Over the course of its four days, the Telluride Film Festival  has certainly become a key early player in setting at least part of  the table for Hollywood’s awards season. I have seen numerous Academy voting members wandering in and out of the state-of-the-art screening venues around town getting an early look at some films certain to be contenders — and some that clearly won’t. Academy Award winner Bruce Cohen (American Beauty), this year’s co-producer (with Don Mischer) of the Oscars, has even come here to check out potential movies he will likely be showcasing come February 27th and was lining up all day long soaking up the cinema. At last week’s Emmys he was frequently caught on camera in the booth during the show (which Mischer also produced) so I asked him what he learned from that experience. “Fast. Fast. Faster,” was his instant answer expressing the reality that you gotta keep the show moving like a speeding train. He’s infectiously enthusiastic about the task he’s been given this year and at Sunday night’s festival party was already talking up possibilities for musical numbers from films he’s seeing. “Of course we have to see what the actual nominees are going to be first,” he laughed. Minor detail.

One film  strongly Oscar-buzzed at that party, on the gondolas and just about everywhere you go in Telluride this weekend is The King’s Speech, The Weinstein Company’s historical drama about King George VI’s stuttering problems and his relationship with the Australian speech therapist who gave him strength and ultimately a lifelong friendship. It was unveiled to one of this fest’s rare standing ovations for the first time anywhere here this weekend. Colin Firth is George and Geoffrey Rush is the therapist in director Tom Hooper’s outstanding film that can count on major awards love after it opens this Thanksgiving holiday, at least if the praise Telluriders are giving it is any indication.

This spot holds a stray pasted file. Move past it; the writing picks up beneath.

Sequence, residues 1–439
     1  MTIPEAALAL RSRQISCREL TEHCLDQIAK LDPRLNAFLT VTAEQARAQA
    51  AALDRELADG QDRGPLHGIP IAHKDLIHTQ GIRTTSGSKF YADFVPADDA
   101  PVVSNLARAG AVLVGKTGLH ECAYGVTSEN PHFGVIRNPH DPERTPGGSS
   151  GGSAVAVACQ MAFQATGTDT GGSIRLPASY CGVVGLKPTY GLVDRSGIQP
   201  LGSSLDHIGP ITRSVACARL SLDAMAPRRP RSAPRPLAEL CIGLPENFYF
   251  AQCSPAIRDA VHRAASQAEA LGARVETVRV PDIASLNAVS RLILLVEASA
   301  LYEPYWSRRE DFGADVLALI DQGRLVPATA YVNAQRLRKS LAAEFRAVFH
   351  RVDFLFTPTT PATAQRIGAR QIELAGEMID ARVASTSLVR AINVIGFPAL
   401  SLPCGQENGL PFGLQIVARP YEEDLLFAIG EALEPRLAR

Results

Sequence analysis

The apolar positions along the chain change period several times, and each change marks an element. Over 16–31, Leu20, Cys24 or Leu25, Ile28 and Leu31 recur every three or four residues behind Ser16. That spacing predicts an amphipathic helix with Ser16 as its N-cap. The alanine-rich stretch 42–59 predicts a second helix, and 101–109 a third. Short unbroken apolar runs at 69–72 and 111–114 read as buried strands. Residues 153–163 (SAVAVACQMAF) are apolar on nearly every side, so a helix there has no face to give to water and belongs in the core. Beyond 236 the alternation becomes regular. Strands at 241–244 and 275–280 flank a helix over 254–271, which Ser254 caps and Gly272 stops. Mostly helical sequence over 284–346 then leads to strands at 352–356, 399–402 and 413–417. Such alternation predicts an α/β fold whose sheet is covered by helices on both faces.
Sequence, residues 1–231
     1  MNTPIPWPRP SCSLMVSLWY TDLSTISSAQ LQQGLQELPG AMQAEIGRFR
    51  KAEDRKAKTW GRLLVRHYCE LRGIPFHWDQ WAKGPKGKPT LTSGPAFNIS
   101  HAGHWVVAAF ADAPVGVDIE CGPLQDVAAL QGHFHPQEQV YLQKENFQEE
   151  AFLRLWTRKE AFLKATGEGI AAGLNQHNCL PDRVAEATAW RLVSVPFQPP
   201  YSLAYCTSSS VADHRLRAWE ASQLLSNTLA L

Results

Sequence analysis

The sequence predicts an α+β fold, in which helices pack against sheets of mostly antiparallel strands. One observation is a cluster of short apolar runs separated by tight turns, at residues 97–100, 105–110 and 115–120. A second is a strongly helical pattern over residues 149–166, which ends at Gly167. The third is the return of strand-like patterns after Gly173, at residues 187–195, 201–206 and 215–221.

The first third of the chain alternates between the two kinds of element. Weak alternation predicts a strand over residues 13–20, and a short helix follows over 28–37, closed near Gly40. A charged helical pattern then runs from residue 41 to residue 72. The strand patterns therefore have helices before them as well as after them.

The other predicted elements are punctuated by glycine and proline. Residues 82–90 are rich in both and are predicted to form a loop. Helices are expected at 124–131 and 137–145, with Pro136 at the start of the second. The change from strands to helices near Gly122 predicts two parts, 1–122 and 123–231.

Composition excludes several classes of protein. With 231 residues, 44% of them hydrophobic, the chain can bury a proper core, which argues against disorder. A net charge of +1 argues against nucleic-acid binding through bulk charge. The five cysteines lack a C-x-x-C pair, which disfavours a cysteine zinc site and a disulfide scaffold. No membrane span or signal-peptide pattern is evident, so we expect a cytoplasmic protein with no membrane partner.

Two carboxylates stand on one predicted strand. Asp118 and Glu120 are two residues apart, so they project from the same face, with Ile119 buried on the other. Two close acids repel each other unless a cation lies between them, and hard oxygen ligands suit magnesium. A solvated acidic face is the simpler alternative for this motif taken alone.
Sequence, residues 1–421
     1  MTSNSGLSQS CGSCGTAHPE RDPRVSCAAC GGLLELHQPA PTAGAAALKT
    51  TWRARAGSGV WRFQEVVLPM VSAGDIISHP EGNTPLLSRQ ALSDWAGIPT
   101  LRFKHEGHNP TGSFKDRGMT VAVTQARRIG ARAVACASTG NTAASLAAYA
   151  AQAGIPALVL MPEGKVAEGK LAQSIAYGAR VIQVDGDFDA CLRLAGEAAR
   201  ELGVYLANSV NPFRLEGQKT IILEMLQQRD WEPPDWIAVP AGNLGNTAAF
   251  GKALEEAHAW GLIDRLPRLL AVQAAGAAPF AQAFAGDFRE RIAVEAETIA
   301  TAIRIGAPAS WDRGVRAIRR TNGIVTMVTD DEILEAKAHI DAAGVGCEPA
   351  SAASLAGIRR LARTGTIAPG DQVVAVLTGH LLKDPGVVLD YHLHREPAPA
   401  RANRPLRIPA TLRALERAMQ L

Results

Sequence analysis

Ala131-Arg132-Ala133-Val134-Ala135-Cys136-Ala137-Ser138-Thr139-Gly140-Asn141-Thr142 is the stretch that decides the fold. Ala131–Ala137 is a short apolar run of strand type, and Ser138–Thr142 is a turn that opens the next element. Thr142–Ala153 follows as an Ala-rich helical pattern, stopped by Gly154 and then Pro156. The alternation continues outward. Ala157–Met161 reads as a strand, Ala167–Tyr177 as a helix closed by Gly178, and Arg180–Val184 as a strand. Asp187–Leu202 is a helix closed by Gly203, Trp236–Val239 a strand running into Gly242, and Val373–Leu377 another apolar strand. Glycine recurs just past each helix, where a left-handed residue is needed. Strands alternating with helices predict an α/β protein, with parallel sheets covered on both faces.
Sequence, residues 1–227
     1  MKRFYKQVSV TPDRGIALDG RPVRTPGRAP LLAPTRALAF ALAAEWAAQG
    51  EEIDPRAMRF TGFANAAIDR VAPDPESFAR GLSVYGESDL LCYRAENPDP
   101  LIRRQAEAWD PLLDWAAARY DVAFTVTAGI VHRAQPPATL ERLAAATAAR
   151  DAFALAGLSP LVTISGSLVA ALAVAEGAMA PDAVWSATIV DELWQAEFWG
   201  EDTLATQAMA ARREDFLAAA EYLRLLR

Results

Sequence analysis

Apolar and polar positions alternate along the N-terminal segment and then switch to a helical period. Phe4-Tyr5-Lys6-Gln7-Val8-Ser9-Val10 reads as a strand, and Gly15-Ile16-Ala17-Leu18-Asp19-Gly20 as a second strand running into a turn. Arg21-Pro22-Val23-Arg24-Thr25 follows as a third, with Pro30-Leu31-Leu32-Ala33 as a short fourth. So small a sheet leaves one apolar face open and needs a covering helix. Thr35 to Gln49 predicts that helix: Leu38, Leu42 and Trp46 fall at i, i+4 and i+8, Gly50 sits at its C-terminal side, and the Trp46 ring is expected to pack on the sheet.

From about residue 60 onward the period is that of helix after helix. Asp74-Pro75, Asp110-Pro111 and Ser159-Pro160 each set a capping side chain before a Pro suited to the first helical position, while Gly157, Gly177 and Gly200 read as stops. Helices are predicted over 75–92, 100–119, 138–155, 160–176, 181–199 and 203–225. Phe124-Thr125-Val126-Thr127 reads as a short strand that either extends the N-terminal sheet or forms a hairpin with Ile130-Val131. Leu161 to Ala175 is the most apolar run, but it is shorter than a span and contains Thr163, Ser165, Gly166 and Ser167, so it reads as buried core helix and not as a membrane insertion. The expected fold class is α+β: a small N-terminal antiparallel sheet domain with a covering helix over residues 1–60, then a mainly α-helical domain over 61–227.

One person leaving Monday’s screening said, “It makes up for all the bleakness,” referring to the great number of dark films showing at this year’s fest. Both stars and Hooper were surrounded by well-wishers at last night’s packed party. Firth and Rush are sure-thing nominees and the film itself is a strong Best Picture prospect to say the least. Harvey’s back in the Oscar game with this one, no doubt.

Firth was the subject of packed major tributes here Sunday night and Monday morning. (At this fest, the honoree gets feted twice.) “That’s something I’m genuinely not ready for. I don’t know what that’s gonna be like,”  he said referring to the double dose of love when we sat down for a pre-first tribute interview. He says  his virgin  Telluride experience has been extremely gratifying in every way. “It feels more like a community than a festival, It’s not a market or a press-feeding frenzy. It’s so pure. This one seems to be just for the love of film. It doesn’t get better,”  he says. Firth notes he and Rush have been stopped everywhere, getting applauded in bars and restaurants or just crossing the street. Telluride is certainly providing the actor a nice ego boost, if nothing else, but he’s genuinely thrilled to see the reaction to his performance.

He knew it was a great part right after he read it for the first time. “In terms of something rich it’s a great big juicy piece of meat for me to chew on, as well as being a beautifully crafted script, as well as having the finest direction you can find and a cast that is a gift. It’s rather extraordinary I’ve had these opportunities twice in a row,” he says referring to his award-winning run last season in Tom Ford’s  A Single Man.


I asked Firth if he has any has trepidations about being thrust onto the awards circuit again so soon after last year’s experience, which earned him the Venice Film Festival’s Volpi for Best Actor, a BAFTA award and his first Oscar nomination among others. “Well, so far it’s just a film festival this year but there’s no simple answer to it. Some of it was fun and you would not wish any of that away, but I did speak to more than one person on that circuit, because you often see a lot of the same people on the red carpets, and one or two said in different ways ‘Whatever I do  next I want to make sure it’s totally mediocre’,” he laughed. “What it’s not is serene. There’s very little calm and people need calm.  It’s sort of a job. Some of it is delightful but some of it is turbulent.”

Firth better get used to another bumpy ride because I have a feeling he’s going to be on a lot more red carpets this season.